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SS1010: Australian People: Indigeneity & Multiculturalism: Reading with a purpose

Reading with a purpose

When academics design assessment they always have an educational outcome in mind, the trick is to figure out what this is, then demonstrate that you have learned it. The good news is, they always tell you what that is, every time!! Our teachers really do want us to succeed.

In this assessment the lecturer wants you to learn about certain themes in Archie Roach’s autobiography.

So, what are these themes we need to be looking for while we read?

The research question (in your subject outline) will tell you what the lecturer wants you to learn and write about.

Remember this is not a book review; the autobiography is just one piece of literature that you will refer to in your essay.

 

Research question

Throughout Tell Me Why, Roach discusses the tension between keeping quiet and speaking openly about the painful events of history. What are the benefits of telling stories like Roach has (through his songs and his memoir)?

Answer the question with reference to specific examples from Roach’s life story but be sure to use his story as a case study to talk more broadly about Australian society and how we remember (or try to forget) the past.

Notice that the question is NOT asking you to only describe the painful events of Roach’s life, it is also asking you:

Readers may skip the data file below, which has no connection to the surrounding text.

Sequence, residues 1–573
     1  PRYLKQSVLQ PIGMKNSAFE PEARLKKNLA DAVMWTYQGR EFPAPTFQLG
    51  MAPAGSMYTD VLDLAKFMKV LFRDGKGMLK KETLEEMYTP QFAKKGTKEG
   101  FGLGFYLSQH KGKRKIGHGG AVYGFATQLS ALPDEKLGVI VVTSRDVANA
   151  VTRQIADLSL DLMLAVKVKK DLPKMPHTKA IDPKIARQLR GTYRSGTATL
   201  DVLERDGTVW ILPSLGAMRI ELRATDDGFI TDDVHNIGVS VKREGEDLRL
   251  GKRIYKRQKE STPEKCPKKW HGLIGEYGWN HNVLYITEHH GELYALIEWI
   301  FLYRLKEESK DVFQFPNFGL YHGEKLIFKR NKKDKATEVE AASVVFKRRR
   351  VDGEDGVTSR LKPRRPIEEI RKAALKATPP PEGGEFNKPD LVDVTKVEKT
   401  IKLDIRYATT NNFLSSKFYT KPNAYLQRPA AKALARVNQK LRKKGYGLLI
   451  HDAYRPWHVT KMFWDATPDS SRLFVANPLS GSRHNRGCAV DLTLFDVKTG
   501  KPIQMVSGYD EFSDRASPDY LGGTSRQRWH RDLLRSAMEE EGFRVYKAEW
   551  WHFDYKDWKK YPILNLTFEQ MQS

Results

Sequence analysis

What are the benefits of telling stories like Roach has (through his songs and his memoir)?
AND
to use Roach’s story as a case study to talk more broadly about Australian society and how we remember (or try to forget) the past.

 

So, let’s draw out some focus words from this question that will guide your reading and help you discover a theme in Roach’s autobiography that you might want to write about.

Focus words

At this point you don’t need to have all the answers, that is why you are going to do some reading, and if we read Roach’s autobiography with these keywords in mind you will find these themes, I promise you.

Remember our teachers want us to succeed and they wrote the question to fit the book.

Painful events of history Voicelessness Remembering/forgetting the past
Australian Society Speaking openly

Benefits of truth-telling

Storytelling Belonging

 

Themes

Here are some themes that I found in ‘Tell Me Why’ that might be worth considering

  • Stolen generations—commodification/objectification of Aboriginal children—neglect—child abuse—disempowerment—forceful removal of children—trauma—incarceration of children—emotional abuse—orphanages— institutionalisation—foster system—adoption
  • Voicelessness—powerlessness—lack of agency—social isolation—fear—exploitation—self-denigration for protection
  • Overt racism—systemic racism—stereotype—stigma—subtle racism—endemic racism—suspicion—fear of the ‘Other’—essentialisation—racist violence—murder
  • Spirituality—realization—connection to ancestors—connection to country—Spiritual apparitions—trance state—Christianity—totem—the Dreaming—ancient memory—songlines